Can AI Technology Deliver Early and Accurate Detection of Autism?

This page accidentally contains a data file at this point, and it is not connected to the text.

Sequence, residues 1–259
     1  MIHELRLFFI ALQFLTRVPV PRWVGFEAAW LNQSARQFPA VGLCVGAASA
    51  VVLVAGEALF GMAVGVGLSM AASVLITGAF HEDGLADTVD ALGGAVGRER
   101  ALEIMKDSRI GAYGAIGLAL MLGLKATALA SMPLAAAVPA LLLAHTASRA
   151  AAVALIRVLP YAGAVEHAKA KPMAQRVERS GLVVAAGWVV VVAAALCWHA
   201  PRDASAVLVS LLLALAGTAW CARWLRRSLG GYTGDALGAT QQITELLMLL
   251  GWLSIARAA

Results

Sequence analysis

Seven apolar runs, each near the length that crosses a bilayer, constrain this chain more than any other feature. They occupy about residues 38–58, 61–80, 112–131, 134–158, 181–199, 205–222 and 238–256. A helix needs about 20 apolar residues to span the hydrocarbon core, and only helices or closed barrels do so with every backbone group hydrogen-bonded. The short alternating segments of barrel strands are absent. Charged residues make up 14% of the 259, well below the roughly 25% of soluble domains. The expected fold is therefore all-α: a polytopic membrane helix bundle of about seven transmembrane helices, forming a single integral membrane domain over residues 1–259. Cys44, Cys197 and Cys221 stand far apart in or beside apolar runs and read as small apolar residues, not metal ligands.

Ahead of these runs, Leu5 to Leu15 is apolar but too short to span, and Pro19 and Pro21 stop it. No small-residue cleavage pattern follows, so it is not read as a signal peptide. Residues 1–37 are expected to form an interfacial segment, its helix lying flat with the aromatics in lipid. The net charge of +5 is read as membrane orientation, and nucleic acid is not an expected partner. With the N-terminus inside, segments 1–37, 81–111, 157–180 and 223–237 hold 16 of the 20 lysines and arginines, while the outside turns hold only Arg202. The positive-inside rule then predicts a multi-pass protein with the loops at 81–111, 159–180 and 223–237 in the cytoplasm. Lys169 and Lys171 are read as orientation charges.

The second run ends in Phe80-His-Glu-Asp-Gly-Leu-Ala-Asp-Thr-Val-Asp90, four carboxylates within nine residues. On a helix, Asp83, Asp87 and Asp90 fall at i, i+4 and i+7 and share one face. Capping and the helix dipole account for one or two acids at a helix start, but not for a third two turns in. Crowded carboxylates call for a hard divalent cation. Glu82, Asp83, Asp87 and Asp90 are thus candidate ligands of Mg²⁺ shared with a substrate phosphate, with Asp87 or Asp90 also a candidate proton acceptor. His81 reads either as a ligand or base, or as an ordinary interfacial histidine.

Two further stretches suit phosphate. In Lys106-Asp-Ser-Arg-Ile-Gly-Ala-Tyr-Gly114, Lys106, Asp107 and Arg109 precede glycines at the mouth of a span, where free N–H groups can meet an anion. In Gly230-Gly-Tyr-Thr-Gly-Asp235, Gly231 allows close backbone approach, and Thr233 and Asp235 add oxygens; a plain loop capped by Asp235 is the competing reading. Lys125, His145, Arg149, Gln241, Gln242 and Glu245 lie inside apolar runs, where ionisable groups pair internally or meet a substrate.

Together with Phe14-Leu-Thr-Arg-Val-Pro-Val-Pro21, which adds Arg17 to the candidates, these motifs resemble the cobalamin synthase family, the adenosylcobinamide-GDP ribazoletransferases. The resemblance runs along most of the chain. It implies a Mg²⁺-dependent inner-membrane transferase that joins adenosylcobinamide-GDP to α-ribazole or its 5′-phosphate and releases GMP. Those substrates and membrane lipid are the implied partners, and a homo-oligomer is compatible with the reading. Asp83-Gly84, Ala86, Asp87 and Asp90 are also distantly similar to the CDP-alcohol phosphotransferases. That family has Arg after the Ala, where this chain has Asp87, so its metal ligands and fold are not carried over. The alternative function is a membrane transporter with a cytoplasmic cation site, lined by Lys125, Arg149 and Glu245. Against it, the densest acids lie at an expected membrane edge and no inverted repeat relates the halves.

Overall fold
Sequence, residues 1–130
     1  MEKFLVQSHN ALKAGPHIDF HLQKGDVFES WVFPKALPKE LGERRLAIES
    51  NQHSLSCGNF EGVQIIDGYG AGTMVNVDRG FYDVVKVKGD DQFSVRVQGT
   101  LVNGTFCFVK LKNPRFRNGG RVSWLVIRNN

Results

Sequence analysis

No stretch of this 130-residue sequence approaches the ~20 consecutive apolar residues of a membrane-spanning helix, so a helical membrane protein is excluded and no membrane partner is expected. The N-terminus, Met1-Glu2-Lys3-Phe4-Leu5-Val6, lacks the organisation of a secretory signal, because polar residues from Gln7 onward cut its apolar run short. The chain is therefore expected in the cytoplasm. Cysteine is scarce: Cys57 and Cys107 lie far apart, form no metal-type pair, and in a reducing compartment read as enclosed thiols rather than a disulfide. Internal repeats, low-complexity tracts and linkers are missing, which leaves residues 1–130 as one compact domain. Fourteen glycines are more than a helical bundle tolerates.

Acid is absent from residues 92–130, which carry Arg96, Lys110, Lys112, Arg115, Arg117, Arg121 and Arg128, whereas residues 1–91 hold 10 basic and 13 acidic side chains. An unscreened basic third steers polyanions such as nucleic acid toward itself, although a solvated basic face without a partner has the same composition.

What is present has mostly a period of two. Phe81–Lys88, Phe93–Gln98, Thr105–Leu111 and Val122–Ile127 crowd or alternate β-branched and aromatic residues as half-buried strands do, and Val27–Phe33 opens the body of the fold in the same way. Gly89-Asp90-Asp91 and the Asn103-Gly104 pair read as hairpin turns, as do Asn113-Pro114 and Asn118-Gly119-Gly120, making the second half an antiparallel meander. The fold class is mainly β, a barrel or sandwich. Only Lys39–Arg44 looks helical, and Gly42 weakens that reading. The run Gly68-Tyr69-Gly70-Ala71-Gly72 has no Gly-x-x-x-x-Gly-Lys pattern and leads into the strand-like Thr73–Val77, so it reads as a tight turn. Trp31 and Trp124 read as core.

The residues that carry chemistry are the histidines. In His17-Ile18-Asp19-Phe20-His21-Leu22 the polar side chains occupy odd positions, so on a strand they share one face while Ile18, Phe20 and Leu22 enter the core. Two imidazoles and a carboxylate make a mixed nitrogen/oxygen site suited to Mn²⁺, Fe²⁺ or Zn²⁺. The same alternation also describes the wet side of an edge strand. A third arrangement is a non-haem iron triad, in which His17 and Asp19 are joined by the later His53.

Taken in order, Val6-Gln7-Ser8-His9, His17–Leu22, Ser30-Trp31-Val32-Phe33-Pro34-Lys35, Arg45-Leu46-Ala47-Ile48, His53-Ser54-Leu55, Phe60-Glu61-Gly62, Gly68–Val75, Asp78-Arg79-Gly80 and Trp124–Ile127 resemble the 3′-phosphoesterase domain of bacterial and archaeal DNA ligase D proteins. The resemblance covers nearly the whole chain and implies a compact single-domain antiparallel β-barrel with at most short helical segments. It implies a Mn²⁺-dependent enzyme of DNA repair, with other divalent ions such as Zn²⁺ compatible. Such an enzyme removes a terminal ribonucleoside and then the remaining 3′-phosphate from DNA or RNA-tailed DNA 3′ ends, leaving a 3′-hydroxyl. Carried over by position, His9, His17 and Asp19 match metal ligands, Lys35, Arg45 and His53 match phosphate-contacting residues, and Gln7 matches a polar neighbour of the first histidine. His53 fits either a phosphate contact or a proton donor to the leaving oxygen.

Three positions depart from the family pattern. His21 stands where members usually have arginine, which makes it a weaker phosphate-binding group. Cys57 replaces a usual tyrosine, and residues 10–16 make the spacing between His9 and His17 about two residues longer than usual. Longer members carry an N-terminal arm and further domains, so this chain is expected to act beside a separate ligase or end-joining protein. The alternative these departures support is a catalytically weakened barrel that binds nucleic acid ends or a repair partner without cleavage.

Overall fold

Summary: Molecular You is integrating AI with molecular testing to analyze biological markers such as blood, saliva, and urine for autism diagnosis. This method, which detects subtle signs of autism spectrum disorder (ASD) earlier than traditional behavioral assessments, could greatly enhance the accuracy and timing of diagnoses. Takeaways: New technology is using AI to detect complex patterns in biological markers, potentially identifying autism much earlier than traditional methods. Preliminary studies show that Molecular You’s AI-driven diagnostic tools can distinguish between ASD and non-ASD children with up to 99% accuracy. This new AI-driven approach to testing is designed to support, not replace, traditional diagnostic methods. New AI-based technology may change how autism spectrum disorder (ASD) is diagnosed, using biological marker analysis for earlier and more accurate detection. By Andy Lundin As advancements in artificial intelligence (AI) continue to revolutionize clinical testing, new diagnostic methodologies seem to be emerging every day. For instance, the integration of AI with molecular testing techniques may transform the approach to diagnosing autism, opening up new possibilities for health care providers and hope for families. Although autism is traditionally diagnosed through developmental monitoring methods, Molecular You is leveraging AI-driven diagnostics to transform the approach to autism diagnosis. Autism Diagnosis: The New Way Autism diagnosis traditionally involves developmental and behavioral assessment. These methods, while effective, are time-consuming and rely heavily on subjective observations. Any late diagnosis delays intervention. Molecular You’s approach uses AI to analyze complex patterns in biological markers across blood, saliva, and urine. The tools examine the metabolites and proteins to detect subtleties indicative of autism spectrum disorder (ASD) much earlier than behavioral assessments alone. “I think the way that we are fitting in with our technology is that we, through the blood and urine analysis, we’re able to understand all the molecules that are in the blood and how they interact,” says Ash Anwar, PhD, MBA, senior director, data science, and co-founder of Molecular You. Asking AI to Help Diagnose The initial study of Molecular You’s AI tech to diagnose autism was performed through supervised learning, in which the AI was asked to analyze a cluster of metabolite and protein data. The study—which involved a large group of children aged 3 to 9—yielded a 99% accuracy result for diagnoses, Ash says. Data was collected from both ASD and non-ASD-diagnosed children and then given to the AI, which was taught to discern between the two groups based on biological signatures. Implementation of AI in autism testing also mirrors innovations seen for the diagnosis of other disorders. Indeed, similarities between the molecular patterns of autism and Alzheimer’s suggest common pathways for diagnosis, despite differences in the general age demographic for both disorders. Further reading: Whole Genome Sequencing Reveals 134 Autism-Linked Genes Support, Not Replace Anwar emphasized that Molecular You’s AI-driven solution is designed to support, not replace any existing diagnostic methods. “We do see the product as being something that supports the clinical decision-making of a trained professional and it allows the AI to find information that is going to be helpful in making a diagnosis,” says Anwar. This AI-driven method also represents a shift toward personalized medicine in autism care, emphasizing the importance of individual biological patterns in diagnosis and treatment. “We are all so unique, and the nuances of how our systems interact with our environment and how we respond to stress and all these things is very unique to us as individuals,” says Anwar. “I do want to see us go in that direction where we’re monitoring someone, potentially longitudinally, and then being able to understand what is a normal baseline molecularly for someone, and then if they deviate away from that baseline, what’s causing that, and can we bring them back to what’s uniquely normal for them.” Anwar says that he expects the solution to be made commercially available sometime in late 2024. Andy Lundin is the associate editor of CLP.

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